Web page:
On Friday, venture capitalist firm Kleiner Perkins Caufield & Byers was cleared of gender discrimination allegations – plaintiff Ellen Pau may have lost her case but experts say the real victory belongs to women.
“This case has been a real wake-up call for the technology industry in general and the venture capital community in particular,'' said Deborah Rhode, a law professor at Stanford University who teaches gender equity law.
Pau took legal action against Kleiner Perkins after she felt she had been skipped over for a promotion due to her gender and was allegedly subjected to a series of sexist indignities, including; being given a book of erotic poetry from a partner, being asked to take notes like a secretary at a meeting, being cut out of emails and meetings by a male colleague with whom she broke off an affair, and being pressured to talk about pornography aboard a private plane.
While Kleiner Perkins didn’t have to cough up the $16 million Pau was seeking, Rhode says the prominent firm didn’t come out unscathed and the venture capital industry in general will have to do some serious damage limitation.
The case attracted international attention and revealed to the public just how male-dominated the industry is.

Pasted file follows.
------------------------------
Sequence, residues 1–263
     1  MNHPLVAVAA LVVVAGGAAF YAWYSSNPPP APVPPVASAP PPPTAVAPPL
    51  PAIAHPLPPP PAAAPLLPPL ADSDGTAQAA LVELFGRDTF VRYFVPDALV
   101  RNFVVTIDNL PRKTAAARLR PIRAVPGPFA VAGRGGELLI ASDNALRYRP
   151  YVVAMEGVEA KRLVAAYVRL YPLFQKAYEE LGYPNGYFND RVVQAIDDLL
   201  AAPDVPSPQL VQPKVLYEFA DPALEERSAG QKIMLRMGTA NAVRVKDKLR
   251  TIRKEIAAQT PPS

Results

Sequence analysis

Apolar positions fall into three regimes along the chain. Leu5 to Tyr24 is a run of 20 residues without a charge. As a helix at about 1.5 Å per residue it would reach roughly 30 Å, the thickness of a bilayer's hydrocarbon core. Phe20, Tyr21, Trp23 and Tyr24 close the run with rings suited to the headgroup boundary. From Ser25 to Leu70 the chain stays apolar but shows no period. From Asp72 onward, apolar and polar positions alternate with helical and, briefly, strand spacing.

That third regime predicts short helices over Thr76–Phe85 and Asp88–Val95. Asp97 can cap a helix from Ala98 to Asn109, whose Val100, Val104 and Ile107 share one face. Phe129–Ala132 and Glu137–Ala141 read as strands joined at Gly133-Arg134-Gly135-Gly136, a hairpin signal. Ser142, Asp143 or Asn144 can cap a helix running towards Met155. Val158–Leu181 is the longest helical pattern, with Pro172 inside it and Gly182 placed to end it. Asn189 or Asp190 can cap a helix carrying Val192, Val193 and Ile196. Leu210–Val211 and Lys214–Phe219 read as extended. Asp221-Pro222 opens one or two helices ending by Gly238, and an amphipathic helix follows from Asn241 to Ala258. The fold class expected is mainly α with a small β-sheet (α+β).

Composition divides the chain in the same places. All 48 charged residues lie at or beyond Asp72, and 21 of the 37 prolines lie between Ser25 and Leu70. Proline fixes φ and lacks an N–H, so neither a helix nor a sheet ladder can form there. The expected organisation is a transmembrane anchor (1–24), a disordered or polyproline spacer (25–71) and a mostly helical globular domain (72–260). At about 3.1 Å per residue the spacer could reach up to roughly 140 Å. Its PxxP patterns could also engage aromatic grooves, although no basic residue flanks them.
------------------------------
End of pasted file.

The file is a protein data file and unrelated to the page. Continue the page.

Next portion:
Just last year, Babson College in Massachusetts found that women filled just six per cent of partner level positions at 139 venture capital firms and studies such as this finally made it into the public sphere.
Freada Kapor Klein, founder of the Level Playing Field Institute – a non-profit that aims to boost minority representation in science, tech, engineering and maths – said that during the trial, she was contacted by more than a dozen venture capital firm seeking her advice on how to improve their environment and encourage women into their company.
But it’s not just companies that felt compelled to act as a result of the trial – according to David Lewis, CEO of Operations Inc., a human resources consulting and contracting firm, the attention surrounding the case will inspire other women who have been discriminated against to step forward.
Two women who formerly worked at Facebook
filed gender discrimination cases against the companies during the Pao trial.
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